In my column in Wednesday’s Sun, I reported that Mark Graber, a distinguished professor at the University of Maryland School of Law and constitutional expert, helped make the case for the disqualification of a New Mexico official who took part in the Jan. 6 attack on the Capitol. Graber testified that the words and actions of Couy Griffin, a Republican commissioner of Otero County and co-founder of Cowboys for Trump, met the standard for disqualification as described in Section 3 of the Fourteenth amendment.

Graber was a key witness against Griffin. The law professor has since written an article for Lawfare detailing the history of insurrection, and there are fascinating references to a Supreme Court justice from Baltimore (Samuel Chase) and a Monkton slave holder (Edward Gorsuch) involved in the republic’s early dealings with the concept:

Because Article III defines treason in part as “levying War against [the United States],” courts had to interpret the key term “levying war.” In doing so, judges often relied on the term “insurrection.” In the Case of Fries (1800), auctioneer John Fries led an insurrection of western Pennsylvania farmers who opposed a federal excise tax. Fries and his allies were captured after they repeatedly threatened tax collectors and sometimes burned down their houses. Supreme Court Justice Samuel Chase, a native of Maryland who resided in Baltimore and presided over the Fries trial, charged the jury: “If a body of people conspire and meditate an insurrection to resist or oppose the execution of any statute of the United States by force” and “they proceed to carry such intention into execution by force, they are guilty of the treason of levying war.”

Gorsuch Tavern Marker

Gorsuch was a slave holder from Monkton in Baltimore County and he was a key figure in the what is known as the Christiana Riot of 1851. Gorsuch claimed four of his slaves had escaped and fled to Pennsylvania. A federal marshal led a raiding party to get them back. (The Gorsuch Tavern on York Road in Sparks, Maryland was the meeting place of the Baltimore Countians who went to Pennsylvania to reclaim Gorsuch’s slaves.) The raid took place on September 11, 1851, at the house in Christiana, Pa. of William Parker, himself an escaped slave. Resistance to the raid was successful, and Gorsuch was killed during the fighting. Federal officials sought to indict 41 Christiana residents for treason. That’s because the incident occurred after passage of the Fugitive Slave Act of 1850. There were severe penalties for assisting escaped slaves and the act required state officials, even in free states such as Pennsylvania, to assist in their capture. At the time, judges found that people “levied war” against the United States when they forcibly resisted the execution of federal law.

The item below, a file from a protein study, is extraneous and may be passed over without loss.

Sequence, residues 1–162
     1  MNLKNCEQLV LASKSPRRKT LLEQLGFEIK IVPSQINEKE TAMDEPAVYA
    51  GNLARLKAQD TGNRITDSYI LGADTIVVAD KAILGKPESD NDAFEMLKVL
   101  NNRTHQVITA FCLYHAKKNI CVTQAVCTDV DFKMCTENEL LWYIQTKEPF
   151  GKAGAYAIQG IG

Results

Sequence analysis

This was all part of the evolution of insurrection as a thing – and it became a real thing, ratified shortly after the Civil War, as Section 3 of the Fourteenth Amendment.

The attack on the Capitol on Jan. 6, 2021 was a full-fledged insurrection, and it’s reasonable to wonder if the founder of that horror will be disqualified from running for president again. Also, in Maryland, we have the Republican gubernatorial candidate Dan Cox, a state delegate who hired buses to take people to Washington for Trump’s “stop the steal” rally and who that afternoon tweeted that Vice President Mike Pence was a “traitor.” Disqualifying? 

Maybe. I think on Nov. 8, Maryland voters are going to disqualify Cox good and hard.

One thought on “A Baltimore justice and a Maryland enslaver played a part in the legal history of insurrection

  1. Great article as usual. Concerning Trump, he can be charged for dereliction of duty for not quelling the almost coup. Hoping the J6 (and DOJ) hones in on that. And am surprised D.C. government did not charge him with inciting a riot which is a law they have on their books.

    Liked by 1 person

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